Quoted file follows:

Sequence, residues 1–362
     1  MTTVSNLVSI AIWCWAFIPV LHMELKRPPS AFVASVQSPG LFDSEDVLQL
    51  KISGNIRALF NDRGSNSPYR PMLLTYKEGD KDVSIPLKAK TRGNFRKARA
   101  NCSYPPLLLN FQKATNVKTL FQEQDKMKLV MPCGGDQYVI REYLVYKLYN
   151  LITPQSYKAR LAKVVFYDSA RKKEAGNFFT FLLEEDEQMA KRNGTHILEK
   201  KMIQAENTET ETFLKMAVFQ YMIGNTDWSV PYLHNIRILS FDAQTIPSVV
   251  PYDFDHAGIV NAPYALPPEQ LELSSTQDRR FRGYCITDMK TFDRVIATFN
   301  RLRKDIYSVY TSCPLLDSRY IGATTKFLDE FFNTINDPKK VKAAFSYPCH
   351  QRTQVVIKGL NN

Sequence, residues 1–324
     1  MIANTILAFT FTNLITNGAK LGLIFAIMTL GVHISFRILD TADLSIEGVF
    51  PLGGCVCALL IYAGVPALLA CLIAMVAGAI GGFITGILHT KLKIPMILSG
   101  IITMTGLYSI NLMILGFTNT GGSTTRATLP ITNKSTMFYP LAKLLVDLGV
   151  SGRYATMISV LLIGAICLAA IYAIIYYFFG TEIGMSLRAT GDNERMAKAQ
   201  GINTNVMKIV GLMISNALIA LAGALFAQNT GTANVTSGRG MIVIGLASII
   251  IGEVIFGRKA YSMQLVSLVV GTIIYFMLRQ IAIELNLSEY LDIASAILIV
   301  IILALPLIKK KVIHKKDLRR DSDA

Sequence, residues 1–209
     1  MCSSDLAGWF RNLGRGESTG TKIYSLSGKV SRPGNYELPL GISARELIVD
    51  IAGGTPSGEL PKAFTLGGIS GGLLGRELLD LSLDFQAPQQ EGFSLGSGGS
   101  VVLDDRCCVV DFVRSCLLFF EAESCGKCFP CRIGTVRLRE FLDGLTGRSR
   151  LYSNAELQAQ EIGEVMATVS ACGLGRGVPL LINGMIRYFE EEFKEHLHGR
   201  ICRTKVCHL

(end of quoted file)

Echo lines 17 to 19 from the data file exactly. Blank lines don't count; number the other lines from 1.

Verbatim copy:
   301  IILALPLIKK KVIHKKDLRR DSDA

Sequence, residues 1–209
     1  MCSSDLAGWF RNLGRGESTG TKIYSLSGKV SRPGNYELPL GISARELIVD